Is imperialism the ‘highest stage of capitalism’?
in Imperialism and the development myth
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It is often assumed that in describing imperialism as ‘the highest stage of capitalism’, Lenin thought the system would imminently collapse. Alternatively, he is believed to have viewed the specific forms of imperialist rule in his own time – like colonialism or inter-imperialist war – as essential, permanent characteristics of imperialism. Starting from these caricatures, the dramatic changes that have taken place since Lenin’s time are assumed to so thoroughly rebuke his ‘highest stage’ that no further evidence is needed to reject his theory entirely. It is further assumed that the concept of capitalism’s highest stage is Lenin’s own. In fact, it is in Marx’s Capital, volume 3. The concept does not mean capitalism has stopped developing. Rather, with the advent of joint stock companies (later ‘trusts’ and today multinational corporations), private property had become the property of associated owners – that is, social property, but still privately owned. The only possible further development (and that able to resolve the contradiction of now collective private property) was, Marx argued, establishment of ‘the property of associated producers, as outright social property’ – socialism. Imperialism showed that Marx’s concept had come fully into being. It further demonstrated that the convergence of industrial with banking capital brought about the formation of monopoly finance capital as the unified capitalist form encompassing large businesses in all areas. On the basis of Marx and Lenin’s concepts it is possible to critique the contemporary Marxian ‘financialisation’ analyses, which falsely separates the financial sector and businesses from the rest of capital.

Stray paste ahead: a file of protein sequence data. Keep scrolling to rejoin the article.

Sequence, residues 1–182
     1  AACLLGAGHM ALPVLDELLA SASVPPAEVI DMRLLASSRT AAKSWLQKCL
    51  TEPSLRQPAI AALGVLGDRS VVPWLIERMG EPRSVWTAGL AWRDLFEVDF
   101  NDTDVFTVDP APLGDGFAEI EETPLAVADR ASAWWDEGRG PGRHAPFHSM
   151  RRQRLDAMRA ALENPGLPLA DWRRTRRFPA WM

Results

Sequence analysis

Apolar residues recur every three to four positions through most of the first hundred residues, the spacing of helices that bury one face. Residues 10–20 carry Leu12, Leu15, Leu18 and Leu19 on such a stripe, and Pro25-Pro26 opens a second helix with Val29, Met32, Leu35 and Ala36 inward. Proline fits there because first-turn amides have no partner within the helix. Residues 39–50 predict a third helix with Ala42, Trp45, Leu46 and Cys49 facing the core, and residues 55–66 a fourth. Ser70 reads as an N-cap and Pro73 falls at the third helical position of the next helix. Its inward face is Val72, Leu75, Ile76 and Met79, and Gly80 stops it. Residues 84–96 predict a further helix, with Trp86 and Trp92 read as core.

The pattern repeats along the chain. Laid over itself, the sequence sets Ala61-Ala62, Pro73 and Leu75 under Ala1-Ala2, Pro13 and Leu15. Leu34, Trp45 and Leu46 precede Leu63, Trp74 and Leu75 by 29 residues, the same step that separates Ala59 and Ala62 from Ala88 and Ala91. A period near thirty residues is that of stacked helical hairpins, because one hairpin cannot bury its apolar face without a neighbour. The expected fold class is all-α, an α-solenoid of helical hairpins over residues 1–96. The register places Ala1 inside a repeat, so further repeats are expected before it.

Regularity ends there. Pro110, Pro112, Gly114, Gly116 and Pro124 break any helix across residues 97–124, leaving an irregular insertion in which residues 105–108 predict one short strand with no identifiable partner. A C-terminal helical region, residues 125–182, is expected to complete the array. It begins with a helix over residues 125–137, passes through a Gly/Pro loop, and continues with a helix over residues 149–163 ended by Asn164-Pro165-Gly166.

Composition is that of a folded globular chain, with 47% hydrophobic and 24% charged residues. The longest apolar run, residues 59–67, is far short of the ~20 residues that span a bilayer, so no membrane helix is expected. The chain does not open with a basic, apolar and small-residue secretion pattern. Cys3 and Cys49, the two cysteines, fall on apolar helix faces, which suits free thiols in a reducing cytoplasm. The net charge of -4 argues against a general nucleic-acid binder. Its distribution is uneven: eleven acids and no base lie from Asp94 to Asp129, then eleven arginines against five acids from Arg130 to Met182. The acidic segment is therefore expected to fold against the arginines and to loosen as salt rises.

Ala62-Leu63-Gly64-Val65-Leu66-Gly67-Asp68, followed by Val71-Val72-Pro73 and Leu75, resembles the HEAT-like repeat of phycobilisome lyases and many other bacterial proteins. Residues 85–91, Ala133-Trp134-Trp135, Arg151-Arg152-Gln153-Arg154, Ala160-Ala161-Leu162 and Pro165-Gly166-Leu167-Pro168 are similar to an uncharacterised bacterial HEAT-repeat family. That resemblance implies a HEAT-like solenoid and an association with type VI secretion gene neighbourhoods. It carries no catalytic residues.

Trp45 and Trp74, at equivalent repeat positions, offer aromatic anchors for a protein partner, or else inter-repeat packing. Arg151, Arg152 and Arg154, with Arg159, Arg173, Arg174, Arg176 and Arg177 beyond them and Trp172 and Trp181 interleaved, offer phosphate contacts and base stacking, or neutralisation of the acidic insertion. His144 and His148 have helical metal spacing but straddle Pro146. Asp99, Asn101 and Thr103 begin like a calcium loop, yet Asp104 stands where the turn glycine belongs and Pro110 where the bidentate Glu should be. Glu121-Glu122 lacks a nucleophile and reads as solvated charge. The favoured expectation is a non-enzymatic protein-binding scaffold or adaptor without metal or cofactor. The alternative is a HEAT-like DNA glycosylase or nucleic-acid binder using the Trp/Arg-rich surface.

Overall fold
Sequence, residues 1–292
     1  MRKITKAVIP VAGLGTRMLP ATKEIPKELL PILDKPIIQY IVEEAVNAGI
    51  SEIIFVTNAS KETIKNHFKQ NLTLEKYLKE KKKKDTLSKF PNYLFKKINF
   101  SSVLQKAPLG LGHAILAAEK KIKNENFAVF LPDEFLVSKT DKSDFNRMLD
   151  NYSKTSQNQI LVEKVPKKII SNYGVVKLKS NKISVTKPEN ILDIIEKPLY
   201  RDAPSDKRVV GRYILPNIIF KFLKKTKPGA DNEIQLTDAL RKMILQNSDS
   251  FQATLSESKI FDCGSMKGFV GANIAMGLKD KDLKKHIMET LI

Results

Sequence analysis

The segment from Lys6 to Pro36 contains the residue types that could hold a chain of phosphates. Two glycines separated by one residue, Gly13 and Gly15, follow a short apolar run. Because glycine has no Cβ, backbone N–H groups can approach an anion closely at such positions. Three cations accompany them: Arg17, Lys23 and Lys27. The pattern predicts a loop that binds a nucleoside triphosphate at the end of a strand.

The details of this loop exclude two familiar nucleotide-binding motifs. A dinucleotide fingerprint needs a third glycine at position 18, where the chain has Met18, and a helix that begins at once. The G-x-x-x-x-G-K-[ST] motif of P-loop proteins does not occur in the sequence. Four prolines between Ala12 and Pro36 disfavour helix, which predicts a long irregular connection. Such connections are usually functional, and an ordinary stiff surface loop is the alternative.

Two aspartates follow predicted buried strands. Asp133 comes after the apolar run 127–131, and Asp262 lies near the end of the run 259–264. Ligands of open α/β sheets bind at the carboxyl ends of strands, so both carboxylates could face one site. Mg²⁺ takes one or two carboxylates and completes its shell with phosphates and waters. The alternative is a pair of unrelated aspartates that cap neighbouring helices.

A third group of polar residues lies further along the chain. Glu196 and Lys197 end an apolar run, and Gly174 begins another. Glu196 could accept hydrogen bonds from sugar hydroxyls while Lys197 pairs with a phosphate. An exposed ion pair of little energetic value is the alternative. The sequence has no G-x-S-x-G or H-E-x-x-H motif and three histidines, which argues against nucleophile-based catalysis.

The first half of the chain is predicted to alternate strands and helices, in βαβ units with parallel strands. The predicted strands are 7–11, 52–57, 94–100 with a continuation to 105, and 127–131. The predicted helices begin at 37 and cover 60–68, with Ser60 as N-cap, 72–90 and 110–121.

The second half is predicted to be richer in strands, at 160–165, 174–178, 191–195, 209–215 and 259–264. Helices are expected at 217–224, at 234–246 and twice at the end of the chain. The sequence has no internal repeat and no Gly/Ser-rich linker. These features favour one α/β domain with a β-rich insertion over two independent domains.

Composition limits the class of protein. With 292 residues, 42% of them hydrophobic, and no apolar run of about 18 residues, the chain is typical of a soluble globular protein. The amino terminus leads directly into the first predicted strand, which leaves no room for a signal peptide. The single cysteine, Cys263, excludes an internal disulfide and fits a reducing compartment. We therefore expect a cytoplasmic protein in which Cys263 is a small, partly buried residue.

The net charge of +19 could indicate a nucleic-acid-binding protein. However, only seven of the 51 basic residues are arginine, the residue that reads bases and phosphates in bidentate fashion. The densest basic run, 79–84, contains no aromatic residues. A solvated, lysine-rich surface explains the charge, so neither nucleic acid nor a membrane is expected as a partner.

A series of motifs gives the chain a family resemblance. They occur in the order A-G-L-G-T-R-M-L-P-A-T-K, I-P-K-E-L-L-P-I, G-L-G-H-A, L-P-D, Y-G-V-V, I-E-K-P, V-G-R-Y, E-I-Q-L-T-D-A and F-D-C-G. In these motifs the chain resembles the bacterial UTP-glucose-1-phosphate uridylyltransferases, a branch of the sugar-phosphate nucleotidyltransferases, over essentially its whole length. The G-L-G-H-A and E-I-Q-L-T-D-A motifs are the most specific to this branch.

Imperialism and the development myth

How rich countries dominate in the twenty-first century

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